GROSS IRREGULARITY FOR PROSECUTOR TO CONSULT DEFENCE WITNESS

S v MASOKA AND ANOTHER 2015 (2) SACR 268 (ECP)

Evidence — Admissibility — Evidence illegally obtained — Prosecutor instructing investigating officer to obtain witness statement from alibi witness of accused No 2, after alibi witness already having consulted with accused No 2’s attorney — Interference with defence witness in criminal trial compromised integrity of witness and accused’s right to fair trial — Gross irregularity on part of prosecutor.

The second accused had indicated in his plea explanation on a charge of robbery, that he had an alibi and disclosed the name and address of the witness. His attorney consulted with the witness on the following day. The prosecutor instructed the investigating officer to obtain a witness statement from the alibi witness, which was obtained but never mentioned until the statement was produced when the second accused completed his examination-in-chief and the prosecutor started cross-examination. When this occurred the magistrate referred the matter on special review to the High Court.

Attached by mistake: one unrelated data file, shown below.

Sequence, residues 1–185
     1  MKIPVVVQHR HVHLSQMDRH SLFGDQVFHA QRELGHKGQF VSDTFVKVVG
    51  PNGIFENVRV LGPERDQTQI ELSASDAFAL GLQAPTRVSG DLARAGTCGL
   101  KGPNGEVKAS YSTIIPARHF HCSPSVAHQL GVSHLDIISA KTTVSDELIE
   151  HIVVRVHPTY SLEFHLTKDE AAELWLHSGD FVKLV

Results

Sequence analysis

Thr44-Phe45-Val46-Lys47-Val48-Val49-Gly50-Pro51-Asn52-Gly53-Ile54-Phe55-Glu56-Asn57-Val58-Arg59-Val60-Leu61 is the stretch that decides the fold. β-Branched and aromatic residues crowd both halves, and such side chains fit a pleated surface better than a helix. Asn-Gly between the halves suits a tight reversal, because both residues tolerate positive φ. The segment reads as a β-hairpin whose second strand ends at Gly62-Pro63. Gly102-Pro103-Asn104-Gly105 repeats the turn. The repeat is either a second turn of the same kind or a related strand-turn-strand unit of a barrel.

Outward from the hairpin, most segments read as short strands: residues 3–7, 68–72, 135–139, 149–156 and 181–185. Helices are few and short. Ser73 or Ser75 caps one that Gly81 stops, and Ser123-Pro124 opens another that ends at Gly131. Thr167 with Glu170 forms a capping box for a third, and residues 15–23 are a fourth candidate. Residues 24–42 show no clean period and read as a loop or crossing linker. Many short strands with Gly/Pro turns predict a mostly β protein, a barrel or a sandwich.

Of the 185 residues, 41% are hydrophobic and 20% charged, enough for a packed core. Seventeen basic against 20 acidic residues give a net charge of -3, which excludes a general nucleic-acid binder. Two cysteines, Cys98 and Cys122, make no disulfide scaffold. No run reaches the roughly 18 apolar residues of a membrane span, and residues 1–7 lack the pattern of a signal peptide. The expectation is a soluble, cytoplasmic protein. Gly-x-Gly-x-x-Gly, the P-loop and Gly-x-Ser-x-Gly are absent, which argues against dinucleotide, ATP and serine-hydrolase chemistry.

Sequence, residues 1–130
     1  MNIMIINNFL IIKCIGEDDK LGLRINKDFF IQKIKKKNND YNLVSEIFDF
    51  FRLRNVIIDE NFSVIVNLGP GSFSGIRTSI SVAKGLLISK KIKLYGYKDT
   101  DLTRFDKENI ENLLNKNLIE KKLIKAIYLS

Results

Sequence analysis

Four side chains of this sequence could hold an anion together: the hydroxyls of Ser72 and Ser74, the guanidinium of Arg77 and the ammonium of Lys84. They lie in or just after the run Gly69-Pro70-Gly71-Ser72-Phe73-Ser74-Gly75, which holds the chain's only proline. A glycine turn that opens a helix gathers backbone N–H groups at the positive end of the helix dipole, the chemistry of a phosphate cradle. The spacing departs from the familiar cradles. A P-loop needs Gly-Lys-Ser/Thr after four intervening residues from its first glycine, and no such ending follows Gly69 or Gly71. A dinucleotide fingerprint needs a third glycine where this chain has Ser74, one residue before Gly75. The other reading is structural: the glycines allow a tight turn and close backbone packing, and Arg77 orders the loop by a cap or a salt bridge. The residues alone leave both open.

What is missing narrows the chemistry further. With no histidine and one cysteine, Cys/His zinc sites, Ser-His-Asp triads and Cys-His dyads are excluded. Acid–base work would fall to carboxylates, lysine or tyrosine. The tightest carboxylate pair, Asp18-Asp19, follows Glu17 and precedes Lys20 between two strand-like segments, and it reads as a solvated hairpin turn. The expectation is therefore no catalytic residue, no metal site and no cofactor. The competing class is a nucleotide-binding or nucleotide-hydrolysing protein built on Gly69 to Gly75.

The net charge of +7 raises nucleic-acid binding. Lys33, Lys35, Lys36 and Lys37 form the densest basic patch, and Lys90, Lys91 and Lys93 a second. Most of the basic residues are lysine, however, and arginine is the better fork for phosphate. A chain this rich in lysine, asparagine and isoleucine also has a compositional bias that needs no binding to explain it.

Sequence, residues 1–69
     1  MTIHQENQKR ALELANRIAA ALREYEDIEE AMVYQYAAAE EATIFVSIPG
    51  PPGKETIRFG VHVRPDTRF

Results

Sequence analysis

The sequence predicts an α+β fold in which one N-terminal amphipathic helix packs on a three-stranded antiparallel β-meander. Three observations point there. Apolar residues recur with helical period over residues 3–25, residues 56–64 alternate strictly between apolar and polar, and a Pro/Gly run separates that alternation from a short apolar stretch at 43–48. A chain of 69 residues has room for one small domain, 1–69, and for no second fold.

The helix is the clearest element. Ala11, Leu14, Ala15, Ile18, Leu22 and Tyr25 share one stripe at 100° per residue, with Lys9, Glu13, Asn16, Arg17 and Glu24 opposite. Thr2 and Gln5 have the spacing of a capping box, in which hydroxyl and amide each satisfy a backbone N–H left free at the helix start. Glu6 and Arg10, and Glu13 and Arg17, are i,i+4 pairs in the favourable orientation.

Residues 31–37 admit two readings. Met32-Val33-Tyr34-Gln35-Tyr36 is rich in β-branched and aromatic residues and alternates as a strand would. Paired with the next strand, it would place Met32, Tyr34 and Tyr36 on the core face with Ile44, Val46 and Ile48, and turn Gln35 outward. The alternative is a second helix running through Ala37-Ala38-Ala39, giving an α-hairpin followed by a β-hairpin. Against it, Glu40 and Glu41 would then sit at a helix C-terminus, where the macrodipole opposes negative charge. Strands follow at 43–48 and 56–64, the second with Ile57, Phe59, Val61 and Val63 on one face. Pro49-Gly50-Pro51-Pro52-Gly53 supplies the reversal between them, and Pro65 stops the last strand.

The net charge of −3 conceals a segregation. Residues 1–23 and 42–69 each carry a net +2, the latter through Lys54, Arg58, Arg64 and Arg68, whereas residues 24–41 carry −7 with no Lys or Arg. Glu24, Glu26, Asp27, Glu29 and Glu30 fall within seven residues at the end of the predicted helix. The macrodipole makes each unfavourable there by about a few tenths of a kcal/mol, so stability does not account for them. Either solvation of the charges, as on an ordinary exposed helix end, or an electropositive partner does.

Held, that no legal representative was allowed to consult or influence or interfere in any way whatever with the opposing party’s witnesses. In criminal matters an accused who interfered with state witnesses could be imprisoned pending trial, and might be refused bail. The rule was as binding on investigating officers and prosecutors who interfered with defence witnesses.
Held, further, that, to interfere with or attempt to influence a defence witness in a criminal trial was to compromise the integrity of that witness. If an accused’s witness was compromised, the accused’s right to a fair trial was equally compromised. If this happened the evidence became worthless and the true facts could not be ascertained. The entire justice system was then undermined and justice could not be done.
Held, further, that the prosecutor was guilty of serious misconduct and had to be duly censured. The proceedings against the accused had to be set aside and the Director of Public Prosecutions had to decide whether or not to commence criminal proceedings against him afresh before another magistrate. If so, the witness statement obtained by the state from the defence witness had to be removed from the police docket and be regarded as pro non scripto, and he had to be disqualified as a state witness.

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